Daughter of Tsar Alexander III, Duchess Olga lived in a palace near St Petersburg. She lived their before her flight to Denmark during the Russian revolution of 1917. From being ensconced in palatial surroundings to spending days on a far, Olga had a varied, culturally rich experience that many royals aren’t granted. To translate this into his collection, Aksu looked at juxtaposing opulence and simplicity which resulted in the unadulterated “folk romanticism” that permeated the collection. Looking at the opulence in the collection, lace macrames were seen throughout, as to be expected from Aksu. There were prim dresses, edgy jackets and soigné evening wear. Where the collection excelled was in its simplicity. The opening look, a macrame number featured flutters of tonal material that made a flared skirt. A cropped jacket was styled along with a bonnet. The overall simplicity was particularly affective in the instance. The same could be said for a shearling-accented coat with an opaque raincoat with black piping. Ditto a printed dress accessorised with a shearling pelt lined with black chiffon. While there was a lot going on, the exclusion of his signature made the looks a whole lot more digestible and desirable.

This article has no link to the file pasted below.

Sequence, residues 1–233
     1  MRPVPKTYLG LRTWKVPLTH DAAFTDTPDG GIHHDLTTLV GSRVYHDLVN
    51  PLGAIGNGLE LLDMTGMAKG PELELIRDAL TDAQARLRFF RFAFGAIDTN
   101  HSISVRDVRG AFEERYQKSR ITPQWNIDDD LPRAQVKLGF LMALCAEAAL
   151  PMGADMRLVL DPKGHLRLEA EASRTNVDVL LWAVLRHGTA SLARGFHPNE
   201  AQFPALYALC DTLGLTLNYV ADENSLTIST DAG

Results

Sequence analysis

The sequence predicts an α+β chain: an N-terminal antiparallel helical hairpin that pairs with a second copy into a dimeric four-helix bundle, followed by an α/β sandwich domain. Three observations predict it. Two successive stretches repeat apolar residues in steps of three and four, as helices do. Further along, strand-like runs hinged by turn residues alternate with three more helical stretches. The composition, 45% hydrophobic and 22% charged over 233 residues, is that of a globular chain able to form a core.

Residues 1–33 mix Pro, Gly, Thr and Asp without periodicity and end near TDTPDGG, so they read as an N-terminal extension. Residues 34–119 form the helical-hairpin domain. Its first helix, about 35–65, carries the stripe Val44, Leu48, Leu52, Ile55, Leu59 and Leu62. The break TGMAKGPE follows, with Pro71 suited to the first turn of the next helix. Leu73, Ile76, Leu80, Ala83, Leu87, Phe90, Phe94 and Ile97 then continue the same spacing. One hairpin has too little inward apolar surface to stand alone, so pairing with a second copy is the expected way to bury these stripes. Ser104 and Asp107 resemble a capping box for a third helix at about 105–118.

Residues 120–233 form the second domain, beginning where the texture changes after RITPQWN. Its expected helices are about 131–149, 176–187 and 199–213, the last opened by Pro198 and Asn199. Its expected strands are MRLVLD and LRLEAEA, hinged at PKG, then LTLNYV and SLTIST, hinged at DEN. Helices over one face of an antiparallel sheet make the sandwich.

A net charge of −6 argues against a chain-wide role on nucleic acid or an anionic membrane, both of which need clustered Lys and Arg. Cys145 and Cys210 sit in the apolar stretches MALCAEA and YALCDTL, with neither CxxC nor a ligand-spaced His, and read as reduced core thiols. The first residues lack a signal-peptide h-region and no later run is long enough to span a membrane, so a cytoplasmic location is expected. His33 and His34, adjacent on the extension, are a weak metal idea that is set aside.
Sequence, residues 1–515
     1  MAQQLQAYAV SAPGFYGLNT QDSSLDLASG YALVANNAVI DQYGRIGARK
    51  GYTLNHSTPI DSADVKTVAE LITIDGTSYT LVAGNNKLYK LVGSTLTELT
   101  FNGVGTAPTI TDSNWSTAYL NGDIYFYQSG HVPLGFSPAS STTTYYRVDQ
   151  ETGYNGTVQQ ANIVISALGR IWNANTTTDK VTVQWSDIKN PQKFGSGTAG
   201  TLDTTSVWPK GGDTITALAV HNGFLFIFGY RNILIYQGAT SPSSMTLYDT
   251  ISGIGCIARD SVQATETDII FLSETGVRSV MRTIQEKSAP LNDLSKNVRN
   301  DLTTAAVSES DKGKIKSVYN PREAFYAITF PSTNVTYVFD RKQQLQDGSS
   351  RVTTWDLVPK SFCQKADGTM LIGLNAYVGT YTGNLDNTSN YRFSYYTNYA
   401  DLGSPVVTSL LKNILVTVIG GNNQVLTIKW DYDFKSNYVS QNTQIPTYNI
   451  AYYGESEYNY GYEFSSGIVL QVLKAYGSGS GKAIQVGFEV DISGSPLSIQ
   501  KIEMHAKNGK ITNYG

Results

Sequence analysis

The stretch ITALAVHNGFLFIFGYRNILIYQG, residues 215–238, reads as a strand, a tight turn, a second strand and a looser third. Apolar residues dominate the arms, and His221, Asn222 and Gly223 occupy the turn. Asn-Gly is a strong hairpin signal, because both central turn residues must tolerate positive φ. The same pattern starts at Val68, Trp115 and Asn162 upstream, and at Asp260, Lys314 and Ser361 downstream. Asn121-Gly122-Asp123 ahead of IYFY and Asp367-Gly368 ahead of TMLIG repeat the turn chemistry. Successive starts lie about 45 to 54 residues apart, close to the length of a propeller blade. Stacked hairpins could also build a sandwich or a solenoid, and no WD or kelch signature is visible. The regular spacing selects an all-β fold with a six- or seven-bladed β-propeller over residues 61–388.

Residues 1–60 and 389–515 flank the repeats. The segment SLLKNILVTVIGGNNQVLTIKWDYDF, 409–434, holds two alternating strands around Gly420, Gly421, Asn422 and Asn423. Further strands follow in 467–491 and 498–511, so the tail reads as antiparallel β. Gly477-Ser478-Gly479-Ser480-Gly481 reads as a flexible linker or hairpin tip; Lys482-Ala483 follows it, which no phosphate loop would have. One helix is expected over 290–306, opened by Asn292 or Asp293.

There was rich detailing in every look: in embroidery, fabrication and also in subtext (referencing Western European cultures such as a traditional Hungarian dance film, choreographed by Csaba Pálfi, and Duchess Olga) —the culmination was a breakthrough moment in Aksu’s career. As aforementioned, he’s lasted twelve years and to solidify his chances of twelve more, he’s produced a magnificent, rich collection that is his best to date. To the next twelve years!
All images are my own